One of my favourite pastimes in Croatia is to eat food. The beaches are good. The waterfalls are spectacular. The wine sates the thirst but the food is exceptional and full of regional variety.
If socialising in Croatia revolves around coffee then life itself revolves around food. Not just eating food but cooking food and sharing food. I remember the first time that I visited Croatia with my partner and although we did some amazing things my abiding memory is of one meal.
We were staying with my partner’s twin sister Mija and her husband Jiri in their flat on the outskirts of Zagreb and on our last night before heading home Jiri wanted to cook some wild boar stew. As dinner time drew closer I was a bit concerned by the lack of stew being made in the kitchen. I mean the clue is sort of in the title; it is a meal that needs time to become a whole lot better than the sum of its parts.
It turns out that the kitchen was outside on the small patch of grass at the main entrance to the flats. A fire was dancing below a large pot of stew being stoked by Jiri who in turn was fuelled by some beer. It is a universal truth that food always tastes better when cooked outside and nowhere is this taken as a mantra more than Croatia.
After a few hours of the ingredients getting to know each other better it was time to eat and man alive the food was good matched only by the company. Cooking outdoors is like advertising and so it was no surprise that neighbours would come by for a bite to eat also.
That one meal told me more about Croatia than any of the day trips that preceded it and ignited my love affair with its food ever since. So much so that I start to salivate in the days before our regular flights back to Croatia.
If there was one food that binds Croatians then it is lamb. Whole weddings are judged by the quality (and quantity) of the lamb on offer. When I say lamb, I mean a lamb and to do it justice it needs to be cooked on a spit.
I would say that my favourite meal of all time and not just in Croatia was peka at Jiri’s family’s farm in Biograd. Let me set the scene; they didn’t know me except to know that I didn’t speak Croatian but I was welcomed to lunch like a friend and felt privileged to sit and talk to family and friends that had come to get a good feed.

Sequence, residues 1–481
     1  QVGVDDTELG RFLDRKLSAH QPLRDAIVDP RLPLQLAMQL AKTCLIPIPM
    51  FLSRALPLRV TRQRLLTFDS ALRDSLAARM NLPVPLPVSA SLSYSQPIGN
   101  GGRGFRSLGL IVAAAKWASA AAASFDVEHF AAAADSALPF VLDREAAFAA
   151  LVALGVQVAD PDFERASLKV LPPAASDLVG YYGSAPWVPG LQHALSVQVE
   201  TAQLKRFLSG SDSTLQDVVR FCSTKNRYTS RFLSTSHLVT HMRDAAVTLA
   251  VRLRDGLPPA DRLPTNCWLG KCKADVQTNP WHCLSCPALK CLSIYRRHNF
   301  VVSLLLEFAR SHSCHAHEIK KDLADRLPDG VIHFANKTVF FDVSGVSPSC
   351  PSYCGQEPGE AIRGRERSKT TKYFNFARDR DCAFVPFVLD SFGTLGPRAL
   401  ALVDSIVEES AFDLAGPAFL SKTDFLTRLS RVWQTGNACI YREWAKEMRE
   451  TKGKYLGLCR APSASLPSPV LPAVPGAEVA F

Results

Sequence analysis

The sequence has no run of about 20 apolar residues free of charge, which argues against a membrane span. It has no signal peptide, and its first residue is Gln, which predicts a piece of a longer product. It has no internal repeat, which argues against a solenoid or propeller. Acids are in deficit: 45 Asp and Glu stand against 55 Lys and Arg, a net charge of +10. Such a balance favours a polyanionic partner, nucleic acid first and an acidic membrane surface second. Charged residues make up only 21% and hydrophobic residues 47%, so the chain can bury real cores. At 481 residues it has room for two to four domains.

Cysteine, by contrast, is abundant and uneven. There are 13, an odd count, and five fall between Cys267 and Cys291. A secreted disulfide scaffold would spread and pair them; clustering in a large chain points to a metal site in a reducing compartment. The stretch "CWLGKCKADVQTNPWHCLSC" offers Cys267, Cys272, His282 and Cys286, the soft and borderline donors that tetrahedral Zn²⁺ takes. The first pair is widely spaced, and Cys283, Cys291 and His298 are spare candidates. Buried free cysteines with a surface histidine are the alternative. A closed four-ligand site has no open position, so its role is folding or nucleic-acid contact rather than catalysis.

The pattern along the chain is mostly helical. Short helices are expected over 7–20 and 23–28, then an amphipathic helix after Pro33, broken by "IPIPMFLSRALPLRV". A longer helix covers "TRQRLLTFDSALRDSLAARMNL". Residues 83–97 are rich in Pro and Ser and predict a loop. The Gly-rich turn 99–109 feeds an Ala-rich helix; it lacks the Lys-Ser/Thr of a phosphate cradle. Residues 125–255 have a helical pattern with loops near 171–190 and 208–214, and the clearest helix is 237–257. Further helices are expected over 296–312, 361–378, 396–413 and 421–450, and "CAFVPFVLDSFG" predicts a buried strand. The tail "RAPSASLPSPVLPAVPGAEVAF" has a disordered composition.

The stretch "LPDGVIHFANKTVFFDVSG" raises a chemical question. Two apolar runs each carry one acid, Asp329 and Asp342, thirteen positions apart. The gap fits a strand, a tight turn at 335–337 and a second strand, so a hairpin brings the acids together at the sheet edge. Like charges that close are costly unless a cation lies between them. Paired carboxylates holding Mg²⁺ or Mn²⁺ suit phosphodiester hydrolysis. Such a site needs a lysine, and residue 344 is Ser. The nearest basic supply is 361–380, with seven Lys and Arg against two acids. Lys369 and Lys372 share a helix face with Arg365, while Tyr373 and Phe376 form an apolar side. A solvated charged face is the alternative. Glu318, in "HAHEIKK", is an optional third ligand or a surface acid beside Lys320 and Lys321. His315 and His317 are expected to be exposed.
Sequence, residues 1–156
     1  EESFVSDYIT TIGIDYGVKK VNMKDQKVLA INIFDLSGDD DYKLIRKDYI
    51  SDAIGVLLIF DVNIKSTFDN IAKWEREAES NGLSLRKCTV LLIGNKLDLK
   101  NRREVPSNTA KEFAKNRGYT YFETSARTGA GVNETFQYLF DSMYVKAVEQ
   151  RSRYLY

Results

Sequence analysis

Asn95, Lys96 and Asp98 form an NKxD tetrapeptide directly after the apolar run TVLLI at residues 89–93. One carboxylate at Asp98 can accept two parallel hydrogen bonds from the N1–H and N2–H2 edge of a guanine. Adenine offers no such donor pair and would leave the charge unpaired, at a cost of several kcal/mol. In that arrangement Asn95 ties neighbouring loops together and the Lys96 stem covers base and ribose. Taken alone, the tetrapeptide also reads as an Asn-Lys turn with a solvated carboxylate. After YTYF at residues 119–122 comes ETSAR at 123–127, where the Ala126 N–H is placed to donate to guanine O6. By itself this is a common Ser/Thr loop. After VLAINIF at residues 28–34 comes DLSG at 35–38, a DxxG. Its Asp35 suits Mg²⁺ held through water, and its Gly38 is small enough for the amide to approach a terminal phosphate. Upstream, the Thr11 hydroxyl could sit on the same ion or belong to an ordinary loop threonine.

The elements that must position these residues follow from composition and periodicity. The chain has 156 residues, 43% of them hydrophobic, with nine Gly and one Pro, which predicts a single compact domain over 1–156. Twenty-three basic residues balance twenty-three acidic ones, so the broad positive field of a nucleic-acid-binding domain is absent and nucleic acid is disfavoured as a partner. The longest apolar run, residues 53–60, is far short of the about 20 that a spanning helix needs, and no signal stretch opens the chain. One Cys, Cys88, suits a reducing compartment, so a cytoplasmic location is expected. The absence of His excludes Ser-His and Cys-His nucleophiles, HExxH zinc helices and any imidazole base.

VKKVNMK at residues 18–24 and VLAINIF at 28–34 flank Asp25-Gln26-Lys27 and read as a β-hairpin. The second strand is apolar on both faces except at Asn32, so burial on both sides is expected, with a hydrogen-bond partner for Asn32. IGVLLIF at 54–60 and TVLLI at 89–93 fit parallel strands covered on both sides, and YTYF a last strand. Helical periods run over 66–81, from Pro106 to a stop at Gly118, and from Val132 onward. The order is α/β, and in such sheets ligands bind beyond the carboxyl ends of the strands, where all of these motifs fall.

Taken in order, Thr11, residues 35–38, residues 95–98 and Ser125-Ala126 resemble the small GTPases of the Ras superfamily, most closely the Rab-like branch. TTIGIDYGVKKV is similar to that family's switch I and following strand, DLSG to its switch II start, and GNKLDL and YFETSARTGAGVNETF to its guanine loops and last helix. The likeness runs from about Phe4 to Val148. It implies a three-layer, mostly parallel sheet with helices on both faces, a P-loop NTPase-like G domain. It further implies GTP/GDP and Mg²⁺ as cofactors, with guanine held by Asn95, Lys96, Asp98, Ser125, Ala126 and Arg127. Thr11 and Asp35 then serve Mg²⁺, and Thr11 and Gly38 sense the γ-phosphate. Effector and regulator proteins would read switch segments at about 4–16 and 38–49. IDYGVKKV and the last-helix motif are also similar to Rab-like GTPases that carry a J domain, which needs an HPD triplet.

On top of that my best friend and his wife were on holiday with us at the time and were also invited. All the best people in my life were there and the beer was flowing. As the lamb turned and cooked we chatted and got to know everyone, played some bowls and helped pick some watermelons which involved a sort of rugby attack production line as the heavy melons were picked and tossed to the tractor at the edge of the field. It certainly worked up an appropriate appetite for the main event.
We don’t really know how to do communal eating in Britain. On those rare days when the sun comes out we might make a half-hearted effort to copy our Mediterranean cousins, fire up a cheap barbeque and overcook some fairly average cuts of meat. We don’t know how to properly linger over food and let it act as a social lubricant. The same cannot be said of Croatians who think nothing of cooking for thirty people and not asking for anything in return except that you taste their home-made wine.
Many turns later and the lamb was ready to eat. It was a simple meal, lamb served with potatoes and salad, but immense. The lamb was moist and flaky with the humble spud transformed into something extraordinary thanks to the drippings of lamb fat. Honestly, many years later I still think about that afternoon and the food that was shared in the Dalmatian sunshine, memories still vivid despite the fog of the grappa and the homemade wine.
Dalmatia is renowned for the freshest of seafood on offer and anyone who has watched as much Rick Stein as I have will know two things. Firstly, he comes across as a real life Alan Partridge when presenting on his travels and second, the best place to get fish is at the morning market near the harbour. Taking this advice, we bought a big bag of mussels fresh off the boat and that night cooked them in a simple white wine broth. It was messy and it was glorious.
Croatians understand food and have a connection with food that has sadly been lost for the most part in Britain. I consider myself a better than average cook but my partner has such an instinctive feel for food that she barely uses a recipe to create a tasty meal.
To illustrate the point even more, it is not unusual for Croatians to cure their own meat or make their own, often potent wine. It is my great privilege that I have an excellent local guide to show me all this wonderful food.
Basically grilled minced meat shaped into sausage heaven. Served with sweet red pepper ajvar.
The best Borek in Croatia cannot be bought so you will have to befriend Tomica. His peppery potato filled version is always a hit. Plus he is a cool guy to boot.
Croatian prosciutto is up there with the best I have ever tasted and you should not miss the platters of ham and cheese on offer.